This was quickly followed by KBCK’s 200 km brevet the 4th January. So,over the two week Christmas break I managed to collect over 700 km winter riding. Together with some solo rides, intervals while riding to/from work and training indoors on my Monark (which I’m sure you’ll hear more about another time), I think, or maybe hope, I’ve had a pretty solid training start to 2014.
I have one major goal and two major but less certain goals this year.

The major one is Sverigetempot  (my Sverigetempot 2012). Jonas and I completed this in the fastest time in 2012. So of course, boys will be boys, I have to defend this! Just to be cocky, I contacted Peter Toner to ask if I could have number 1 in 2014. He couldn’t guarantee this, as the system dictated that the first to register would get nr 1. So I was forced to stay up alone, drinking wine, in the middle of the week and stay awake (I usually go to bed quite early) to register at exactly midnight on the 1st November. Childishly pathetic of course – but I did get nr 1 (startlist) J It looks like Sverigetempot this year will be a qualifying ride for Paris-Brest-Paris 2015, which would be great, because I wouldn’t have to worry or think about how to qualify with other rides.
Peter has divided up the start groups and I am in the last one, at 9.00 am on the 26th June. There are already over 40 registered, which is crazy for a ride of over 2000 km! Most of it on the same road through the same-looking forest; just look at it on a map! I think having the successful 2012 ride in fresh memory helps me a lot psychologically, and I am really looking forward to 2014. I wonder if that is pathologic? I’ll see if I can find some fun way of keeping you updated during the ride here.

Jonas and I, happy to have made it, 2012
I have decided against riding Vätternrundan this year to bash into my head that I should concentrate on long distance, mentally exhausting (in Swedish “pannben”)  training. So I am doing as much distance as possible already now and will leave harder, more VO2 maxish and faster training until closer to spring. I’ll hopefully be able to train with the Conti Test Team a few times – if they let me and if I can keep up!

The fast boys from CTT
Foto: Natasja Jovic, Hillside Cycling

My aim for Sverigetempot is under 100 hours. I don’t have much choice really, because I have to be home for my daughter’s birthday on the 2nd July and a day later I have a flight to the USA booked…

As with Sverigetempot, my two more wishy-washy 2014 goals are also organized by Peter and CK Distans. The first is the first Ultra event to be held in Sweden; 610 km solo but with an accompanying car. This would be a great first try at ultra-cycling! It also fits in well with our summer holiday plans because the route is located around the summer house near Hällefors where we spend a lot of time. So my family could come out onto the road and cheer me on TWICE during the ride, which would be very cool. If they are even interested in seeing a slowly riding, ghostly looking, brain-dead pappa glide past. Presumably at night. Probably in the rain.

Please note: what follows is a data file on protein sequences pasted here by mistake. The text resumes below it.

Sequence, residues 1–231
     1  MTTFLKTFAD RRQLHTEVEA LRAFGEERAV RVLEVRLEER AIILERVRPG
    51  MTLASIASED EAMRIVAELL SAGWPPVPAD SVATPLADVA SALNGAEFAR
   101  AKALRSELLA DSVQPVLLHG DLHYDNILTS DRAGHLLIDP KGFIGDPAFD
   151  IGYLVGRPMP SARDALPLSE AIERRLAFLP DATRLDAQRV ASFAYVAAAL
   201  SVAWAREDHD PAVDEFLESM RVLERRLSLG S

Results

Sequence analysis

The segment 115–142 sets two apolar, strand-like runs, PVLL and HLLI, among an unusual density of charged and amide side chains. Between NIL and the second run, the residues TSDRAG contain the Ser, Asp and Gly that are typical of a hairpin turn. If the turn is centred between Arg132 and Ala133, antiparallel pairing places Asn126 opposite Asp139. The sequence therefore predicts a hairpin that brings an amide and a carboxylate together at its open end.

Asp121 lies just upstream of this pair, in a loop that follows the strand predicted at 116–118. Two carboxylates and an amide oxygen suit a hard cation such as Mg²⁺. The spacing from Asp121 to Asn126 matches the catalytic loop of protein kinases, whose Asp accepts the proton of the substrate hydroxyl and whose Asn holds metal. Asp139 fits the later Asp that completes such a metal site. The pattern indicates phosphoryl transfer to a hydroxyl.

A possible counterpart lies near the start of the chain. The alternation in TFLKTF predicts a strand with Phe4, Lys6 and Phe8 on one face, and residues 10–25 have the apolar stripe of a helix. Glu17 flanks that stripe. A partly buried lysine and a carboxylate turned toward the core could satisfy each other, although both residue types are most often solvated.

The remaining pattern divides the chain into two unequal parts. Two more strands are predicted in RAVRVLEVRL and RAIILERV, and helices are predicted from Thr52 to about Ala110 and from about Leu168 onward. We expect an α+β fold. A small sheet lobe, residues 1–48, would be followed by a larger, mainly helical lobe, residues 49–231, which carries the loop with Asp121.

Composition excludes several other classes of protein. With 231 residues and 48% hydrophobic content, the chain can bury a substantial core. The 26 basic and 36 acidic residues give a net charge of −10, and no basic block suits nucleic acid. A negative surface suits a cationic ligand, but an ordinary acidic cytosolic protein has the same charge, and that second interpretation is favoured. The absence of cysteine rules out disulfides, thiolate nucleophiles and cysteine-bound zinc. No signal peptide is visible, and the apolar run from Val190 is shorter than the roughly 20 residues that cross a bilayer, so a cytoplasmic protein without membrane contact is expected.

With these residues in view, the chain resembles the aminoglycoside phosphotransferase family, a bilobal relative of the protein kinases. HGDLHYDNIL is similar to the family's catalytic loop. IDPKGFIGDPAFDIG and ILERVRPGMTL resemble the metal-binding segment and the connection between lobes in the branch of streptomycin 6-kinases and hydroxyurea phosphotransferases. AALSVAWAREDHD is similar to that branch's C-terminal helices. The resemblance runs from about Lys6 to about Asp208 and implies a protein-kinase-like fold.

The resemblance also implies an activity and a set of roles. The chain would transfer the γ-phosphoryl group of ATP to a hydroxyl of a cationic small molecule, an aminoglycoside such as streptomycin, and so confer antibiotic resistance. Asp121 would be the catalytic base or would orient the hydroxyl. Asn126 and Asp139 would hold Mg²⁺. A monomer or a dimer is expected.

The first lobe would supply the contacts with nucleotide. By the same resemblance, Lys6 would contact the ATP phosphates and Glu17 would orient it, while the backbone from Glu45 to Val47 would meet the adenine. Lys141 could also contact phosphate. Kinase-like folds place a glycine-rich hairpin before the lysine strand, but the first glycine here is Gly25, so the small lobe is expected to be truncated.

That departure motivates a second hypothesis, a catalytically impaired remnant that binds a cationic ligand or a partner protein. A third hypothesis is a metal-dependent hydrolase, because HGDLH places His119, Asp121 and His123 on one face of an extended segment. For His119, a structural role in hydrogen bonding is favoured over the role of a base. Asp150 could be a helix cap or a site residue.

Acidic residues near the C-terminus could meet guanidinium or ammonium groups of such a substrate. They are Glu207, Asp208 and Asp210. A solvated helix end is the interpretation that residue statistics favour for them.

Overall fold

The other maybe-goal in 2014: I’ve ridden the Stockholm – Göteborg event (about 560 km) twice. This year Peter’s gone completely wild and crazy and decided to include a Stockholm – Göteborg – Stockholm option. He’s threatened to only have this much fun once though (its some sort of jubilee year, which I haven’t got track of), which means I’d quite like to take the chance and join in. The good part about this cunning plan is that it solves the problem of how to get back home after riding all the way to Göteborg.

So, that’s them. I’ll also make sure I get a few normal brevet rides in. Especially seeing that KBCK has its inaugural complete series this year. KBCK has revolutionised Swedish randonneur cycling with its brevet series which is planned so that the first finishers should always finish at Lilla Barkarby roughly when the bar opens.

If all goes to plan the year will once again conclude with an ice-cold Ötzi XL and then some summer rides in Australia! Wihee!
Where I'd like to ride at the end of the year...

2014 could be good!


Tuesday, 21 January 2014

In Australia the aborigines talk of the long time ago, old legends of sky fighting against earth, animals being invented and long walkabouts sort of time as the dreamtime. Sitting here in the cold, Swedish winter I’ve found myself slipping into an Australian dreamtime the last few days.

The Tour Down Under is on in South Australia at the moment and that reminds me of the summer trips to Australia that my family, my bike and I have made in the last few years with brilliant, sunny riding in fantastic scenery.

Along the Coastal Drive north of Wollongong

On Mt. Keira, looking out over the northern suburbs
On one of these trips my sister lived in Adelaide so we visited at the same time the TdU was on and I got to ride the people’s ride, where one of the stages is open to recreational riders who can then wait at the finish for the pros to turn up a bit later. Right now, reading about the race with Simon Gerrans, Cadel Evans, Caleb Ewan (watch out for this young talent!) and the others, brings back these memories. They are racing in the Barossa Valley, up Mengler’s Hill and the other roads I had the chance to ride on. It will be exciting to see who takes out the TdU this year; the field is perhaps the highest class international field ever.